SOX1 interacts with β-catenin and induces a proteasome-independent down-regulation of β-catenin

Previous studies have shown that SOX1 interacts with β-catenin in vitro to suppress β-catenin-mediated TCF/LEF signaling in HCC cell lines[25]. A co-immunoprecipitation assay identified β-catenin and SOX1 in an immunocomplex from HONE1 cell lysate, supporting the existence of this interaction in NPC cell lines (Figure 5A). We also examined the cellular localization of SOX1 and β-catenin using confocal microscopy, and identified SOX1 and β-catenin co-localization in HONE1 cells (Figure 5B). Interestingly, while expression of β-catenin was down-regulated in SOX1-overexpressing HONE1 cells (Figure 5C), transcription of the β-catenin gene was up-regulated (Figure 5D), suggesting that SOX1 reduced expression of β-catenin at the protein level. Furthermore, the down-regulation of β-catenin induced by SOX1-overexpression was reversed by knockdown of SOX1 using siRNA (Figure 5E). Consistently, β-catenin was down-regulated in a dose-dependent manner with increasing amounts of SOX1 (Figure 5F). This phenomenon was not reversed by MG132, a specific proteasome inhibitor, suggesting that SOX1 down-regulated β-catenin in a proteasome-independent manner (Figure 5F).
Figure 5

SOX1 suppresses Wnt/β-catenin signaling by interacting with β-catenin and stimulating its down-regulation in a proteasome-independent manner. (A) IP was performed on whole-cell lysate from HONE1cells expressing SOX1-myc using an anti-myc-tag antibody. The same amount of mouse immunoglobulin G and blank (empty) were used as negative controls. Immunoprecipitated protein complexes were analyzed by WB to detect β-catenin and SOX1 with myc-tag. (B) Merged images depicting co-localization of SOX1 and β-catenin by laser confocal microscopy. Blue, DAPI; Red, SOX1; Green, β-catenin. (Scale bar, 20 μm in B) (C, D) The SOX1 and β-catenin protein and mRNA levels of HONE1 cells with or without SOX1 overexpression were detected via WB (C) and qRT-PCR (D), (**p <0.01, ***p <0.001, Student’s t test). (E) SOX1-overexpressing HONE1 cells were transfected with mock and SOX1 siRNA. SOX1 and β-catenin expression were determined by WB. (F) Expression of SOX1 and β-catenin were determined by WB in HONE1 cells transfected with 0, 0.5, 1, or 2 μg of the SOX1 plasmid either with or without the addition of 20 μg/ml MG132 for 12 h. GAPDH was used as an internal control.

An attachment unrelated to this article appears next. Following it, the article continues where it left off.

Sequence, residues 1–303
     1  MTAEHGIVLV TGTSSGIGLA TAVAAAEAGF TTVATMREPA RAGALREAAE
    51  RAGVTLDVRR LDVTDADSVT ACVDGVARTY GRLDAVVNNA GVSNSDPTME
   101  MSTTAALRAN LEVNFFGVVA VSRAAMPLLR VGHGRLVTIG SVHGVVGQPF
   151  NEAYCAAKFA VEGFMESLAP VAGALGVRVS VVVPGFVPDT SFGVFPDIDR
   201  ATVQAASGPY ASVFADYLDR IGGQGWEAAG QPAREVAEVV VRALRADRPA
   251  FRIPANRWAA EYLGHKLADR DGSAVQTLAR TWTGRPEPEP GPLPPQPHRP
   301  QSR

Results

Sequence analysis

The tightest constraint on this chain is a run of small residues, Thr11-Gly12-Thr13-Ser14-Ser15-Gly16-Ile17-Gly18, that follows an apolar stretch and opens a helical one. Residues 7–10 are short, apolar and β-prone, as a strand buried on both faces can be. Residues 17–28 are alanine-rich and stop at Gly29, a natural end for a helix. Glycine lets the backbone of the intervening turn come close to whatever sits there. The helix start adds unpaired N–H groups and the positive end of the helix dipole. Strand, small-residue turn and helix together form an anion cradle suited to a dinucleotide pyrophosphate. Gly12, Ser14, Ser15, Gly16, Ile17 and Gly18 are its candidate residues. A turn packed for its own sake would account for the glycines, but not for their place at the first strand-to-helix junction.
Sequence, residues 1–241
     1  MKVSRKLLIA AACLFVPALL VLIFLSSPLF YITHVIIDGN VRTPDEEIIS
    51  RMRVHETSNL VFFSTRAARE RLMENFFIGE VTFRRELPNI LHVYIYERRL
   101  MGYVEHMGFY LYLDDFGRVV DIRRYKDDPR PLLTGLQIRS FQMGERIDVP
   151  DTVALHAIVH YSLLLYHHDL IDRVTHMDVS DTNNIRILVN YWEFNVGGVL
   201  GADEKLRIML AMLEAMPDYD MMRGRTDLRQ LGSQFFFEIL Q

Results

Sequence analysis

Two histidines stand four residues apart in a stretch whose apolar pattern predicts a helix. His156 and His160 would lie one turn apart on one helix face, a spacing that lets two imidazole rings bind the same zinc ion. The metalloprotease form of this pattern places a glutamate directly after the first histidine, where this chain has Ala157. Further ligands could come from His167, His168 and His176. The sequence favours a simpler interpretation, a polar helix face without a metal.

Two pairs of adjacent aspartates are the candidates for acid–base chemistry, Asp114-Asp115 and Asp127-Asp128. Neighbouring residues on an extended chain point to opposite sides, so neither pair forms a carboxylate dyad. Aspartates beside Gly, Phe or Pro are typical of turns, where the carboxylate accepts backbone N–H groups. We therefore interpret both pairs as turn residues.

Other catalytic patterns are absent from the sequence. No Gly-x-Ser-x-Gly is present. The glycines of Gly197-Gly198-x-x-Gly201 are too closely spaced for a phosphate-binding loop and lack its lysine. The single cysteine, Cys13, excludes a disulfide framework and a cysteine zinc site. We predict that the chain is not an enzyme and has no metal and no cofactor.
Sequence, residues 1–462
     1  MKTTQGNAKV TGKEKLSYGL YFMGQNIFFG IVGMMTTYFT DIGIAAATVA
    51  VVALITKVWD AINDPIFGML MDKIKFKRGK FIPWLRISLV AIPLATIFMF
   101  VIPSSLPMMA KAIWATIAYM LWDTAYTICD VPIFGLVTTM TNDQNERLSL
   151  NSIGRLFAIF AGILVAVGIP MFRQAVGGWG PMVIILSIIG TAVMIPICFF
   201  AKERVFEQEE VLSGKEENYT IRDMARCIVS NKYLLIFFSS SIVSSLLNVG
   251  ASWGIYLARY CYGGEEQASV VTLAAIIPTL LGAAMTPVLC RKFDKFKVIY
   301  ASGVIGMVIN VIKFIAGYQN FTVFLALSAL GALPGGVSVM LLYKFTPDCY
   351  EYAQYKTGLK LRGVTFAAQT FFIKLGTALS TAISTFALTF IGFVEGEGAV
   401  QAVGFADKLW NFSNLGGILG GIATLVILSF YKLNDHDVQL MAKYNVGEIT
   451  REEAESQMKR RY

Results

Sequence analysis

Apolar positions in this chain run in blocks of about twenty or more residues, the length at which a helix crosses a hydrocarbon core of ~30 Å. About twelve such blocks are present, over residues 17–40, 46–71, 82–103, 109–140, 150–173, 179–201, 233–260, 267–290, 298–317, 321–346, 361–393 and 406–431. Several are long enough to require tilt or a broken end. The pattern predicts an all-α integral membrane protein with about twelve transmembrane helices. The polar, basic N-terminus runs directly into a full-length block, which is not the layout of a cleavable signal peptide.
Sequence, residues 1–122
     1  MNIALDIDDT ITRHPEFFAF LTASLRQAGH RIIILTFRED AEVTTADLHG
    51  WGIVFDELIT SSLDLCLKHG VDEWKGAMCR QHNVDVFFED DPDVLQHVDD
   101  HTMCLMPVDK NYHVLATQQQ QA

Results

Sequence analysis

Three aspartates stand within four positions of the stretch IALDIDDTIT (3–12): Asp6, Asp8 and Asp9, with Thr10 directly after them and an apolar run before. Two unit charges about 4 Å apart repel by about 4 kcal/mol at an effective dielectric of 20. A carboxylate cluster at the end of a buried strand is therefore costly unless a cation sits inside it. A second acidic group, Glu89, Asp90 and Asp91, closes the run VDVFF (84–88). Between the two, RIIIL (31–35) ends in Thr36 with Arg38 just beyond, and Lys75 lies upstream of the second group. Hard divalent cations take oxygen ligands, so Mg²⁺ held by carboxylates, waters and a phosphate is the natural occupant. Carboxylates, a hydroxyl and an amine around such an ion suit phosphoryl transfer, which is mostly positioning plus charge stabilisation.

SOX1 overexpression modulates the expression of cell cycle-regulating proteins

To further explore the mechanisms by which SOX1 suppresses tumors, we measured the expression of downstream targets of Wnt/β-catenin in SOX1-overexpressing HONE1 cells. A decrease in both c-Myc and Cyclin D1 protein was detected in SOX1-overexpressing HONE1 cells (Figure 6A). To further investigate the influence of SOX1 overexpression on the cell cycle, we evaluated cell cycle progression by flow cytometry. Ectopic expression of SOX1 increased the number of cells in the G1/G0 phase (from 67.77 ± 0.9% to 71.82 ± 1.05%) and decreased the number of cells in the G2/M phase (from 12.7 ± 0.10% to 9.3 ± 0.10%) in HONE1 cells (Figure 6B). To ascertain how SOX1 inhibited cell growth, protein levels of the cell cycle regulators p21, p27 and Cyclin E were examined using WB. In HONE1 cells, SOX1 overexpression significantly enhanced the expression of p21 and p27 but suppressed the expression of Cyclin E (Figure 6C).
Figure 6

SOX1 inhibits Wnt/β-catenin downstream genes and modulates the expression of molecules involved in the cell cycle. (A) WB for expression of c-Myc and Cyclin D1 in SOX1-overexpressing HONE1 cells. (B) Flow cytometry cell cycle analysis of HONE1 cells overexpressing SOX1. The percentage of cells in G1 phase increased from 67.77 ± 0.9% to 71.82 ± 1.05% while the percentage of cells in G2/M phase decreased from 12.7 ± 0.10% to 9.3 ± 0.10% in HONE1 cells overexpressing SOX1. Bar represents mean ± SD of three independent experiments. (*p <0.05, Student’s t test). (C) Proteins involved in the cell cycle after SOX1 expression was forced in HONE1 cells were identified via WB. GAPDH was used as an internal control.